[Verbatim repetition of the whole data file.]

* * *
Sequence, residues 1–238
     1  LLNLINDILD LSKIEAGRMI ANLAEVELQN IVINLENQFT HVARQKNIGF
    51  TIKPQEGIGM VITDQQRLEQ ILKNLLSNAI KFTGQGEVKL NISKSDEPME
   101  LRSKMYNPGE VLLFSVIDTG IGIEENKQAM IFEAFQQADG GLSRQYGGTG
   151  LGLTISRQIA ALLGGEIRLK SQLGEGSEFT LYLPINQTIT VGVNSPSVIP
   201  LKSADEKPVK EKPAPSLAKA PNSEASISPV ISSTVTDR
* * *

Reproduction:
Sequence, residues 1–238
     1  LLNLINDILD LSKIEAGRMI ANLAEVELQN IVINLENQFT HVARQKNIGF
    51  TIKPQEGIGM VITDQQRLEQ ILKNLLSNAI KFTGQGEVKL NISKSDEPME
   101  LRSKMYNPGE VLLFSVIDTG IGIEENKQAM IFEAFQQADG GLSRQYGGTG
   151  LGLTISRQIA ALLGGEIRLK SQLGEGSEFT LYLPINQTIT VGVNSPSVIP
   201  LKSADEKPVK EKPAPSLAKA PNSEASISPV ISSTVTDR